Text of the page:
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Family room without a family, in Idlib. Photo: Muhammed Said/Anadolu Agency via Getty Images

The worst humanitarian crisis of Syria’s brutal civil war is colliding today with what could be the war’s most dangerous geopolitical showdown, after at least 29 Turkish troops were killed in an airstrike.

The big picture: The fighting is taking place in Idlib in northwest Syria, where a ferocious Syrian and Russian offensive has displaced 1 million civilians and infuriated Turkey, which borders the region.

  • Turkish President Recep Tayyip Erdoğan has repeatedly warned Bashar al-Assad and his Russian allies to cease the offensive by the end of the month or face a Turkish military response.
  • Instead, Erdoğan found himself chairing an emergency meeting tonight following the attack, which reportedly came either from Russian or Syrian forces.
  • Turkey is reportedly retaliating against Syrian government targets and conferring with NATO.

Zoom in: Syria's campaign to retake the final rebel strongholds in Idlib — backed by Russian strikes on schools, hospitals and homes — has displaced 1 million people and counting.

  • Turkey closed its borders to them, but a senior Turkish official told Reuters tonight that some may cross into Turkey soon. The official added that Turkey will no longer block the 3.6 million Syrian refugees it hosts from reaching Europe.

With nowhere to go, many in Idlib are sleeping in cars, in caves, in sports stadiums or on the street in bitter winter weather. About half are children.

  • Most are already internally displaced, having fled from other war-torn cities, Hardin Lang of Refugees International tells Axios.
  • The situation in Idlib is on course to eclipse the most severe crises not just of the Syrian War, but of the century so far, Lang says.
  • “The No. 1 thing that needs to be done right now is to reach a ceasefire,” he says.

What to watch: Today’s events make escalation more likely.

  • Soner Cagaptay of the Washington Institute for Near East Policy tells Axios that Erdoğan’s next move will depend on NATO.
  • “Turkey cannot fight Russia on its own,” he says. “If there is no U.S. or European support, Ankara will have to swallow this. But then the conflict will spill over, deeply undermining Turkish-NATO ties (Ankara will say NATO didn’t come to help it).”
  • If the U.S. and NATO stand behind Turkey, he says, they could repair relations and sever ties between Erdoğan and Vladimir Putin. But it's unclear what exactly NATO would be willing to offer.

Where things stand: A previous request for U.S. help, including for a Patriot missile system to defend against airstrikes, was rebuffed.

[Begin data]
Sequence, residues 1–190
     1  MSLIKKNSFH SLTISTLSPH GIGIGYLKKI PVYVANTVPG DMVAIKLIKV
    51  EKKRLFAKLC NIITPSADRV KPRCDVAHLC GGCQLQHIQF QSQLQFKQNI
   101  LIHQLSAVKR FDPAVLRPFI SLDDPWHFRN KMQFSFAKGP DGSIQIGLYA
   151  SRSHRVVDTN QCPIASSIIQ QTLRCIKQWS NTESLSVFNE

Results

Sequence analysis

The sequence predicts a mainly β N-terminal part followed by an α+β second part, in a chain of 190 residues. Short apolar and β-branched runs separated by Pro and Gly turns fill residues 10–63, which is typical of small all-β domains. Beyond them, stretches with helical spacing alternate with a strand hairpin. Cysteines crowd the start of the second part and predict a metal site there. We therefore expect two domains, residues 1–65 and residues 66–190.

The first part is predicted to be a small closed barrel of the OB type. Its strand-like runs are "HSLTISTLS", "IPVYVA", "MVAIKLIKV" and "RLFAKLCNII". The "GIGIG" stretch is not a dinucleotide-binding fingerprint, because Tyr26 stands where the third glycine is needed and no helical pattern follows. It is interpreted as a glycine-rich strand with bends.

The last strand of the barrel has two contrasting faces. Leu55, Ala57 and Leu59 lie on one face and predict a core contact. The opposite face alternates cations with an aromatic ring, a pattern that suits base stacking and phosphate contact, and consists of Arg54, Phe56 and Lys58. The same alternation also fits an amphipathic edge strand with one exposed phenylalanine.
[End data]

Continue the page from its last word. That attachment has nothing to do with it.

• But following tonight’s attack, Sen. Lindsey Graham called on Trump to establish a no-fly zone "to stop the slaughter and get ahead of a humanitarian crisis,” per Al-Monitor.
  • However, Defense Secretary Mark Esper told the House Armed Services Committee Wednesday that there was “no discussion” of the U.S. military “reengaging” in Syria, beyond fighting ISIS.

The bottom line: After nine years, one of the war's most tragic chapters is still being written.

Go deeper

Group of 20 bipartisan senators back $1.2T infrastructure framework

U.S. Senate Majority Leader Chuck Schumer (D-NY) arrives for a meeting with Senate Budget Committee Democrats in the Mansfield Room at the U.S. Capitol building on June 16, 2021 in Washington, DC. The Majority Leader and Democrats on the Senate Budget Committee are meeting to discuss how to move forward with the Biden Administrations budget proposal. Photo: Samuel Corum / Getty Images

A group of 10 Democratic and 10 Republican senators (the "G20") tasked with negotiating an infrastructure deal with the White House has released a statement in support of a $1.2 trillion framework.

Why it matters: Details regarding the plan have not yet been released, but getting 10 Republicans on board means the bill could get the necessary 60 votes to pass.

DOJ drops criminal probe, civil lawsuit against John Bolton over Trump book

Photo: Jabin Botsford/The Washington Post via Getty Images)

The Justice Department has closed its criminal investigation into whether President Trump's former national security adviser John Bolton disclosed classified information with his tell-all memoir, “The Room Where it Happened," according to a source with direct knowledge.

Why it matters: The move comes a year after the Trump administration tried to silence Bolton by suing him in federal court, claiming he breached his contract by failing to complete a pre-publication review for classified information. Prosecutors indicated they had reached a settlement with Bolton to drop the lawsuit in a filing on Wednesday.

Fed may raise rates sooner, as inflation is higher than expected

Feb chair Jerome Powell. Photo: Susan Walsh/Getty Images

The Federal Reserve kept rates unchanged at its latest policy meeting, but a shift in sentiment emerged as to how soon it should begin raising rates.

Why it matters: The Fed's rock-bottom rates policy and monthly asset purchases helped the U.S. markets avoid a meltdown during the COVID-19 crisis last year. But as the economy recovers, a chorus is growing for the Fed to at least consider a timeline for pulling back its support before things get overheated.

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